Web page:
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Marcella Sembrich sings Chopin - Maiden's Wish, ca 1900

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Uploaded on Mar 1, 2010

Today, is the 200th ANNIVERSARY OF THE BIRTH OF FRYDERYK CHOPIN (born in Zelazowa Wola, Poland on 1st of March, 1810 - died on 17th Oct 1849 in Paris).

As my tribute to one of greatest composers in the history of mankind, let me quote words of Denis Dutton, a philosophy professor at the University of Canterbury in New Zealand: The myriad worlds of Chopin's music are like nothing else in art. Using 10 fingers on a keyboard, he could create imaginative and emotional works that were utterly distinct--from each other and from all other music. He proves that human passion can be at its most intense in the most economical and limited art forms. Even the tiniest of Chopin's works resonates across the universe.

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Marcella Sembrich (Marcelina Sembrich-Kochańska), soprano - Maiden's Wish (Życzenie) (Frederic Chopin), Sung in Polish with Piano, Acc. played by herself, Recorded by Victor, ca 1900

NOTE: MARCELLA SEMBRICH a great Polish soprano, born in 1858 as Marcelina Prakseda Kochańska at Wiśniewczyk, in then Podolia (Poland), now part of the Ukraine. She first studied violin and piano with her father, who was a strolling music teacher. Later, she entered the Lwów Conservatory and studied piano with her future husband, Wilhelm Stengel. She entered the Vienna Conservatory in Autumn 1875. It was only then that her remarkable voice was discovered. She studied piano with Julius Epstein, and voice with Viktor Rokitansky. After a year it was decided to give up study of the piano and fully devote the young student to voice lessons. She arrived in Milan in September 1876 to study with one of the best vocal teachers on the continent, Giovanni Battista Lamperti. She made her debut in opera at Athens as Elvira in Bellini's "I Puritani" on June 3, 1877. She not only sang "Puritani", but also "Lucia di Lammermoor", "Robert le Diable" and "La Sonnambula". It is a testament to her proper early training and intelligence that a 19-year-old soprano could learn so many roles in a foreign language so quickly! After her grand success in Athens she was to appear with the Vienna Opera, but due to pregnancy she broke the contract. During her pregnancy and after the birth of her first son, she had a long and frustrating search for an opera engagement, until she was hired as a guest at the Dresden Royal Opera House in September 1878, debuting as Lucia. Her success was immediate and she was dubbed the "Polish Patti." At that time she adopted her mothers maiden name, Sembrich, as her professional name.

In June 1880 she created a sensation at Covent Garden as Lucia in Donizetti's "Lucia di Lammermoor". She became a great favorite in the characters of Zerlina, "Don Giovanni"; Susanna, "The Marriage of Figaro"; Konstanze, "The Abduction from the Seraglio"; Lady Harriet/Martha, "Martha"; and, of course, Lucia. In 1883, Marcella Sembrich went to the United States to sing in the newly founded Metropolitan Opera company. She made her Met debut as Lucia in the company premiere of "Lucia di Lammermoor" on October 24, 1883, she was also the Met's first Elvira in "I Puritani", Violetta in "La Traviata", Amina in "La Sonnambula", Gilda in "Rigoletto", Marguerite in "Les Huguenots" and Rosina in "Il Barbiere di Siviglia". Yet, due to the terrific financial loss of the company that year, Italian opera was abandoned and German opera reigned supreme at the Met for the next dozen years. Marcella returned to Europe and she was a tremendous favorite at the Italian Opera in St. Petersburg, Russia, from 1890 to 1897.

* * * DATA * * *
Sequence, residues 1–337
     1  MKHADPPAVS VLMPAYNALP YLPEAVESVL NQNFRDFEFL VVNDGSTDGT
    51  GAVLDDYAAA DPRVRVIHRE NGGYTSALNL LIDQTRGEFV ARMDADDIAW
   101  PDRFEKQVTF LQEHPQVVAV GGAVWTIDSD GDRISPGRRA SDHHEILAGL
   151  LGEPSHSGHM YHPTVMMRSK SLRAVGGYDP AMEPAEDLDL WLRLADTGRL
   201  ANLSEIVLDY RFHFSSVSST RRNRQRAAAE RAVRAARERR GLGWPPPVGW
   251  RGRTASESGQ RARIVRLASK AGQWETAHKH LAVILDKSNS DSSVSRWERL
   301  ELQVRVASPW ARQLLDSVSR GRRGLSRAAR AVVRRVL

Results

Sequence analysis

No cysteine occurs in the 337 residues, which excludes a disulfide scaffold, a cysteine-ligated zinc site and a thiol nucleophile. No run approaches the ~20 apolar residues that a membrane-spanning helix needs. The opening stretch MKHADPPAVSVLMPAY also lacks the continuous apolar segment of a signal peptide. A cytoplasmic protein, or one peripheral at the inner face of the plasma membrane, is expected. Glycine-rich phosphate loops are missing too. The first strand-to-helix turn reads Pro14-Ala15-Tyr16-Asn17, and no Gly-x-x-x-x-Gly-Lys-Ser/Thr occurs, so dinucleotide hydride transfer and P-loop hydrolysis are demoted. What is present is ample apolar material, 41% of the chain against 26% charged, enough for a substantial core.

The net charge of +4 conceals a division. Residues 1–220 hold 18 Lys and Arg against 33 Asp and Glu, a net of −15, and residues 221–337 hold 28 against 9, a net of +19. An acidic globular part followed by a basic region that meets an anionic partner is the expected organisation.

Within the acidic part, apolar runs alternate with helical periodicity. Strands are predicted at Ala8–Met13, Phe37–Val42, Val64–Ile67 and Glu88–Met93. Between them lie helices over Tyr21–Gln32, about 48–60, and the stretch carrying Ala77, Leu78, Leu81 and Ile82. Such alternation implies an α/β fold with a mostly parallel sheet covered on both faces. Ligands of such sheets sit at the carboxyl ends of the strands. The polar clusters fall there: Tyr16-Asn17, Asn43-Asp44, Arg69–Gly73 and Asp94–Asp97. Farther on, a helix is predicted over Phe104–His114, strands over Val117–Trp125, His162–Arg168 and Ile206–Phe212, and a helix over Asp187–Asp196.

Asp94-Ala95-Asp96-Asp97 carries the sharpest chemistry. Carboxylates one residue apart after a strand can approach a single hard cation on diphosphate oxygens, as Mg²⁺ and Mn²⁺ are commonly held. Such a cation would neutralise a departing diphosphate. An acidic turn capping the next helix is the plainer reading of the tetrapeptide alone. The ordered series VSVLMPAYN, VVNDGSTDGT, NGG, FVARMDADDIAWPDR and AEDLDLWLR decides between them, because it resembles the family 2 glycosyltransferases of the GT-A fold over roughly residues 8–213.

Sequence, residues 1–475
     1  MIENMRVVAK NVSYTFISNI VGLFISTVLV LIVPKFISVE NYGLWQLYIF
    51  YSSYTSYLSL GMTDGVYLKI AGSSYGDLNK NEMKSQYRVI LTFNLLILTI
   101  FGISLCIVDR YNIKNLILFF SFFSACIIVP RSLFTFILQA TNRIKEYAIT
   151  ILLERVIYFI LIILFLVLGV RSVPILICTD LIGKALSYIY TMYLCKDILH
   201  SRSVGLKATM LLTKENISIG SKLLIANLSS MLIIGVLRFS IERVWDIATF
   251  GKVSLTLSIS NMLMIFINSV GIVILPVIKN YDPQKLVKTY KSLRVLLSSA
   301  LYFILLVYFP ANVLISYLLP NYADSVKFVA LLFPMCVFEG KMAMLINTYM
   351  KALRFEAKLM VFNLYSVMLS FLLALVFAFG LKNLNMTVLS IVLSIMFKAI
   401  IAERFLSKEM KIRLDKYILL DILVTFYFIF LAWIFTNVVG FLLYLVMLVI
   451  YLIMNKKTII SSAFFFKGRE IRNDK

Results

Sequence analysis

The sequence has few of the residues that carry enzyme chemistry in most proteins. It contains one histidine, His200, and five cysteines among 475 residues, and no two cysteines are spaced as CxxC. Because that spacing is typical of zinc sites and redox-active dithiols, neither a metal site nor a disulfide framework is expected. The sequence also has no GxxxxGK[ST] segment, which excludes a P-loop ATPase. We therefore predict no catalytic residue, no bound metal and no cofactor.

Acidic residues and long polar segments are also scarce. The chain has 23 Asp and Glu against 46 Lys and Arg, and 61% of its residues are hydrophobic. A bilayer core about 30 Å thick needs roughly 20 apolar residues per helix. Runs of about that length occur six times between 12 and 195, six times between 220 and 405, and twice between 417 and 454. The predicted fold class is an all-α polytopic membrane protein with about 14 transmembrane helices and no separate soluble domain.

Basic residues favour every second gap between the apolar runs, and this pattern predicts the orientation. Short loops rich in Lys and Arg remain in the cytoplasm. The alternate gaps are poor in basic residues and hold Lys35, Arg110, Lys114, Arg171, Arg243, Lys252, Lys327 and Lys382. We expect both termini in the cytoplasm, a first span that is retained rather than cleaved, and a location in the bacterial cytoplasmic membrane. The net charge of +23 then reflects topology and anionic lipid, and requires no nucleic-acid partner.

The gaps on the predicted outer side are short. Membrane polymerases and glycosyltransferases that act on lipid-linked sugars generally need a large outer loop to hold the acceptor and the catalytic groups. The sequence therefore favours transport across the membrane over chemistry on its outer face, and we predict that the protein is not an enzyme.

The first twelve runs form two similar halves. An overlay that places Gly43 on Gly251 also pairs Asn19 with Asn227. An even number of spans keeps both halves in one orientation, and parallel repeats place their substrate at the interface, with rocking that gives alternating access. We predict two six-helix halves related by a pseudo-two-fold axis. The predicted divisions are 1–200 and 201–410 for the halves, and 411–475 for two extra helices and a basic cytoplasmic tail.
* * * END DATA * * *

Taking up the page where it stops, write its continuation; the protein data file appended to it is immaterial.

Sembrich returned to the Met in 1898 and she sang more than 450 Met performances in her 11 seasons there. At the height of her career, the 1905-06 season, she was paid $1,000 for each of 45 performances. Her voice, a brilliant and flutelike soprano of marked sweetness and remarkable range, was accounted one of the greatest of the time. Sembrich remained associated with the company until 1909, when the silver jubilee of her Met debut was celebrated with a farewell gala. She gave recitals until 1917, the year of her beloved husbands death. After this date, she taught students from the Curtis Institute in Philadelphia and at the Juilliard School of Music. Her students included Alma Gluck, Hulda Lashanska, Dusolina Giannini, Maria Jeritza. She died on Jan, 11 in New York. .

She was a great Polish patriot throughout her life. During World War One she was President of the "American-Polish Relief Committee" of New York. She was wholly devoted to raising money, food stuffs and clothes for her suffering homeland. The Kosciuszko Foundation, Inc., an American Center for Polish Culture in New York City, annually holds the "Marcella Sembrich Voice Competition".

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